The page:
'Ajamis in Lebanon

The Non-Arab Arabs?

by Roschanack Shaery
published in MER237

It is Muharram, the month of the martyrdom of Imam Hussein, and the female-run husseiniyya in West Beirut is packed with women dressed in black. As the sounds of Lebanese and Iraqi Arabic dialects, as well as Persian, fill the hallways of this Shi‘i community center, the female religious performer (qari’a) signals that the ritual program (majlis) will begin shortly. She is an Iraqi, and while she reads from her thick notebook, a woman standing next to her reads the same text in Persian for those in the audience who do not understand Arabic. Some of these women are Iranians who have married into Iraqi Shi‘i families of Persian descent who settled in Lebanon after being expelled from Iraq by the deposed Baathist regime.

Please Subscribe to access the full contents of this article.

Communalism and Thwarted Aspirations of Iraqi Citizenship

by Sami Zubaida
published in MER237

Many commentators on the state of Iraq after the removal of the Baathist regime in 2003 have attributed the chaos and sectarian-ethnic conflict to some essence of Iraqi society: fissiparous and tribal, only governable by the firm hand of authoritarian dictatorship. This is, of course, an ahistorical view. These traits are not, somehow, in the “nature” of Iraqi society; they are products of its transformation by the violent and arbitrary regime, along with three destructive wars.

Please Subscribe to access the full contents of this article.

Unsettling the Categories of Displacement

by Julie Peteet
published in MER244

The Middle East has long had the dubious distinction of being one of the world’s major producers of refugees. By the beginning of 2007, the Middle East was generating 5,931,000 refugees out of a world total of 13,948,800. Over the past century, not just conflict but development projects, environmental disasters and state-mandated settlement of nomads have driven people from their homes. [1]

Claiming Jewish Communal Property in Iraq

by Michael R. Fischbach
published in MER248

On June 23, 2008, representatives of Iraqi Jewish communities in several countries met in London to form a new group, the World Organization of Jews from Iraq (WOJI). According to a press release issued shortly after the meeting, the purpose of WOJI was to “protect, preserve and promote Jewish communal assets remaining in Iraq and to protect, preserve and promote Iraqi Jewish heritage, including holy sites and shrines remaining in Iraq.” Iraq is home to the oldest continuously present Jewish community in the world.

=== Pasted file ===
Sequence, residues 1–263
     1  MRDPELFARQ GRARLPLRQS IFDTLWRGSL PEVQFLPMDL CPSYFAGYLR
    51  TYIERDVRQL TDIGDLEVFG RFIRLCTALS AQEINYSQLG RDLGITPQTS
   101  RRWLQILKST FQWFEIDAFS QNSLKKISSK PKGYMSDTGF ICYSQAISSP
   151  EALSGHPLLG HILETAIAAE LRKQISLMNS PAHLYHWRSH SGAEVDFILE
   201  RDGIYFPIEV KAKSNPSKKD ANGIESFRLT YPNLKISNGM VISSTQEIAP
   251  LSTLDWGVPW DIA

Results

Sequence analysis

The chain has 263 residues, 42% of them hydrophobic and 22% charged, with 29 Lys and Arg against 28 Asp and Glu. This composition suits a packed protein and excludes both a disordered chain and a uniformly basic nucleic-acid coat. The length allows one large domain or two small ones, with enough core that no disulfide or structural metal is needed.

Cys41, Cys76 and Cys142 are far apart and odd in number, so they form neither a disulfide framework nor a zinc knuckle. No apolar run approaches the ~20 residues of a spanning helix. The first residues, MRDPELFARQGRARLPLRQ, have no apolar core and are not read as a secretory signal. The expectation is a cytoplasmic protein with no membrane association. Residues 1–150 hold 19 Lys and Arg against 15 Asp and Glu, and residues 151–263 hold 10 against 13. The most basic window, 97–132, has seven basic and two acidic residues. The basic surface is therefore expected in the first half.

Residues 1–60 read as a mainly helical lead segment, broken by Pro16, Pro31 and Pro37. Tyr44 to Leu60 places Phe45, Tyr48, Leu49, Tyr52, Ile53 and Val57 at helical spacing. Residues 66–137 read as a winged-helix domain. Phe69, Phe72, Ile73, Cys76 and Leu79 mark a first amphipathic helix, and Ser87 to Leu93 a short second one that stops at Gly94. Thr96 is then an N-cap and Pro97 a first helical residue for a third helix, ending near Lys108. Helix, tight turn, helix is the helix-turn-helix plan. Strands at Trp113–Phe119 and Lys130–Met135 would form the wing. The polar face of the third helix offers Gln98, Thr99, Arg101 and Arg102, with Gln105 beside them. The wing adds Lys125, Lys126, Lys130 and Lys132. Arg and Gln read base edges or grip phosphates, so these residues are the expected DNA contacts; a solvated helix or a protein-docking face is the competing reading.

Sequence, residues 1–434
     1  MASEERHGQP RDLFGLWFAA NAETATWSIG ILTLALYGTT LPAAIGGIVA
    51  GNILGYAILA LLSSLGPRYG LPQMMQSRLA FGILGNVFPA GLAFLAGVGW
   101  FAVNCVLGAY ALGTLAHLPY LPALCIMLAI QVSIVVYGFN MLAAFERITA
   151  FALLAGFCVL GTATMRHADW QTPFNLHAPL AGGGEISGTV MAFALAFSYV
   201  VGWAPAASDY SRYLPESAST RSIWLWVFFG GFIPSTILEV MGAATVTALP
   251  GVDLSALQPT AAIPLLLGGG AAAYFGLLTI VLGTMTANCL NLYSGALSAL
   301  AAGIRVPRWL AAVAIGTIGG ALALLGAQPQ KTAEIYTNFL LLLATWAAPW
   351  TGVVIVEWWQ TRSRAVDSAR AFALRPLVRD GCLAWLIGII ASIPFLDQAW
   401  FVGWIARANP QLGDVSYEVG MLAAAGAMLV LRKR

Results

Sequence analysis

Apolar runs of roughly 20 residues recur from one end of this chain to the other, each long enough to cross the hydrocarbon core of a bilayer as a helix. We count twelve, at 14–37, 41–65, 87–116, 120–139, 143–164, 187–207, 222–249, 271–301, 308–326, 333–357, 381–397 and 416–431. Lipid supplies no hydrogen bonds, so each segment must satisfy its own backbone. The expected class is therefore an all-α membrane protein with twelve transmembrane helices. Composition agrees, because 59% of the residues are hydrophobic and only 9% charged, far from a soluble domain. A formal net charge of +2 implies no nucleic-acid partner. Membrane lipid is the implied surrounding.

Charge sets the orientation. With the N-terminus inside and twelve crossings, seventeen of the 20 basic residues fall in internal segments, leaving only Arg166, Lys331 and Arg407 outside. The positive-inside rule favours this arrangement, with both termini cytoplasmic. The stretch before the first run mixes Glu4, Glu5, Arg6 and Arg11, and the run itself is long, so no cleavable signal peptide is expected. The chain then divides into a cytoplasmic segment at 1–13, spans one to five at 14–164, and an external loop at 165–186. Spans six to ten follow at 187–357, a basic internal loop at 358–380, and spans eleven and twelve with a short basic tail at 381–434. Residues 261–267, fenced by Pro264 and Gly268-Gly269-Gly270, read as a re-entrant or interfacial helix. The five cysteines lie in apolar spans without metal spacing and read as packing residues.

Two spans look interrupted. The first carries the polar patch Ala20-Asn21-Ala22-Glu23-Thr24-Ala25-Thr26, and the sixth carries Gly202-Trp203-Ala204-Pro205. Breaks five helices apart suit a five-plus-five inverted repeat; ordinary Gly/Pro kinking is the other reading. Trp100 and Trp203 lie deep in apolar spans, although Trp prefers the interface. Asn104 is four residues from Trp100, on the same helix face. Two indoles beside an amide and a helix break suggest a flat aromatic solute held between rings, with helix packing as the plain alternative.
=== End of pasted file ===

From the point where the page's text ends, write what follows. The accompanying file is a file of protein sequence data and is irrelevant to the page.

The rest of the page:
Ramadan in Wounded Baghdad

by Huda Ahmed
published in MER241

In Ramadans past, teams of men drawn from neighborhoods across Baghdad faced off in nighttime matches of mihaibis (the ring game), an amusing pastime dating back to the Ottoman Empire. A ring, small enough to conceal in the palm of the hand, and unlike any other on the men’s fingers, was given to one team, whose leader chose a player to hold it in his clenched fist. The team with the ring then lined up, each man with clenched fists held out and turned downward.

Please Subscribe to access the full contents of this article.

Basra, the Reluctant Seat of "Shiastan"

by Reidar Visser
published in MER242

On December 24, 2005, an Iraqi writing under the signature “Hammad” published a remarkable message on a website devoted to southern Iraqi affairs:

The Association of Muslim Scholars in Iraq

by Roel Meijer
published in MER237

The October 15, 2005 referendum on the new Iraqi constitution, like other stages in the US-sponsored political transition after the fall of Saddam Hussein’s regime, drew fresh attention to the many opponents of that transition and the US occupation who are not directly involved in the ongoing insurgency. In keeping with the pattern in place since the old regime fell, the global media identified this opposition as “Sunni,” implying that political attitudes in Iraq are uniquely determined by religious affiliation. In fact, these opposition forces are not uniformly Sunni Arab, and many are secular nationalist -- not sectarian or even religious -- in orientation and identity.

Making Big Money on Iraq

by Pete Moore
published in MER252

Kuwait has its diwaniyyas, Yemen its qat chews. But for languorous trade in rumor, gossip and flashes of political insight, there is no substitute for chain-smoking and eating Iraqi masgouf.

At one of several Iraqi establishments in Sharjah, a down-market cousin of Dubai in the United Arab Emirates, the host centered the bulging fish upon a table for six. “Iraq’s economy is like the fish,” he said, laughing. “How much you get depends on how quickly you eat.” It is an apt description of today’s Iraq -- the country’s patrimony is literally being divvied up and devoured.